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In partibus fidelium

Keeping the faith in philosophy, in religion, even in the regions of the faithful, where it is most difficult. The backgrounds of my writing are my views of Wittgenstein's later "logic of language" (in my jargon), and of Socrates in Plato's Apology and Xenophon.

Outline of this page ...


The neighborhood without borders

In the parable of the good Samaritan the Lord had defined the indefinite neighbor whom men should love as themselves. Vade, et tu fac similiter, the Lord had said. (Bruce Marshall, To Every Man a Penny ( 1949), li)

And here you can say that love is not an emotion. It is not affection; it is responsibility to "go and do the same" as the merciful Samaritan (Luke 10.30-37) did, setting no limits of nationality or religion to one's neighborhood, just as the Lord said the kingdom of God belongs to anyone who keeps the great commandments (Matthew 7.21) regardless of that person's religion or nationality (Luke 4.16-30).

... he prayed for the dead he hoped would get to heaven without his having to meet them there ... (Marshall, Marx the First (1975), xiv)

The abbé felt that he would have made a fine Christian if he could have had one afternoon a week on which to go round ... being rude to people he didn't like. (To Every Man a Penny, li)

But of course it's not that way. The Lord does not assign handicaps to poorer players: Christians are always and everywhere ruled by the ethics of love.

"The inadequacy of every previous religion of ethics"

Jesus' religion of ethics (Albert Schweitzer)

In Mark 12.30-31 [cf. Matthew 22.37-39] is "the passage in which Jesus, questioned as to which is the greatest of the commandments, answers that there are two: first, to love the Lord your God with all your heart ... and second, to love your neighbor as yourself." In February 1919, Schweitzer preached against these commandments as a religious ethics, saying,

It is not easy to present them in a form that makes them applicable in practice.

Let us take, for example, the verses of the first and great commandment. What can it really mean -- to love God with all one's heart and for the love of God never do anything but good? Pressing the idea to its depths, a host of questions arise: have you ever done something good solely for the love of God, and can you say that without this love you would have chosen to do ill? (Sermon preached at St. Nicholas, Strasbourg, in February 1919, quoted in James Brabazon, Albert Schweitzer: a biography, 2nd ed. (2000), xviii, p. 305-306)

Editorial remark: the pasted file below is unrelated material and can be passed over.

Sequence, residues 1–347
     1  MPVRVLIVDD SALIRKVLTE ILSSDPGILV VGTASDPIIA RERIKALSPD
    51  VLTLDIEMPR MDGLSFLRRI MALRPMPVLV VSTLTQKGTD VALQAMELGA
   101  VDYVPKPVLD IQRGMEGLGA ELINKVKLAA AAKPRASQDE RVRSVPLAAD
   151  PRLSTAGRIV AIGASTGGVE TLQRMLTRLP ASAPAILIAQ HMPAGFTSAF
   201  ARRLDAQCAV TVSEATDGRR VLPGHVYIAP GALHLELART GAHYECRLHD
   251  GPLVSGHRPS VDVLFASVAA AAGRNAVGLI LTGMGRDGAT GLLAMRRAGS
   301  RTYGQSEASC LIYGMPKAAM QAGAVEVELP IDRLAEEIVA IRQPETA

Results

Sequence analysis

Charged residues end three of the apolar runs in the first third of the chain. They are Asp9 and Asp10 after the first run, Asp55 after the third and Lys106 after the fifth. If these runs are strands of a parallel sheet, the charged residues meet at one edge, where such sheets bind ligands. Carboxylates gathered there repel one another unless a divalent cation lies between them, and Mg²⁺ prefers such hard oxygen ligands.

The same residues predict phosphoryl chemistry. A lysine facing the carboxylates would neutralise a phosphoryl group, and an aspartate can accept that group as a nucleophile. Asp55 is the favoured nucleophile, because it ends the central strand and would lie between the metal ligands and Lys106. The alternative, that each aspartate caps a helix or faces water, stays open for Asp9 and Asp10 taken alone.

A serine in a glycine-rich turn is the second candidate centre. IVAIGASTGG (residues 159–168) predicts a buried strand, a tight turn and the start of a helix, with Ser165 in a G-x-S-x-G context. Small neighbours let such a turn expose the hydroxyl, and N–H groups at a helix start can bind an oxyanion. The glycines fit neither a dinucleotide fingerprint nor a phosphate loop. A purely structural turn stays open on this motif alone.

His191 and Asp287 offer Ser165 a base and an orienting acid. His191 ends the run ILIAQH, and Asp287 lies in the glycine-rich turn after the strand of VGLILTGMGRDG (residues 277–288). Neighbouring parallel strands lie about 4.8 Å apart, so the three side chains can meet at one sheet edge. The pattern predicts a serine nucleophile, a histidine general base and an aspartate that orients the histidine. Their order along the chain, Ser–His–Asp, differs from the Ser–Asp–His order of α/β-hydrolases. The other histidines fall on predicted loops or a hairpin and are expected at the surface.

Comment: But as I use the word 'God' -- because we may mean various things by that word -- God is all that is good and true, and thus it is for love of God that "we never do anything but good": and we very often go against our natural inclinations not to do what is good -- precisely because we do love the good with our whole heart, for otherwise we would not choose to go against those inclinations.

As to the second commandment [Schweitzer's sermon continues,] "You shall love your neighbor as yourself," it is truly magnificent ... But is it truly applicable? Suppose that from tomorrow you were to decide to abide by it to the letter, where would you find yourself at the end of a few days? (Brabazon, xviii, p. 306)

Comment: As to the second commandment, it says you shall love your neighbor as yourself, not more than yourself. And that is the important part, the 'as': a Christian is not self-destructive in ethics. If you love yourself in the way that is proper -- taking "care" above all of yourself as an ethical being (James 1.27; Plato, Apology 30a-b, Republic 496c-d) -- you will also love your neighbor in the way that is proper. But you must start with yourself (as in Greek philosophy with the precept "Know thyself").

First and foremost be mindful of yourself and your relations with God and your conscience, because on these depend your power of being much use to your neighbor ... Do not forget to make the particular examination of conscience at least once a day, if you cannot make it twice. Let your own conscience be your care and concern much more than anybody else's, for if a man is not solicitous to be good and holy himself, how is he going to make other people such? (Letter of circa 1549, quoted in Brodrick, Saint Francis Xavier (1957), xii, p. 199, 201)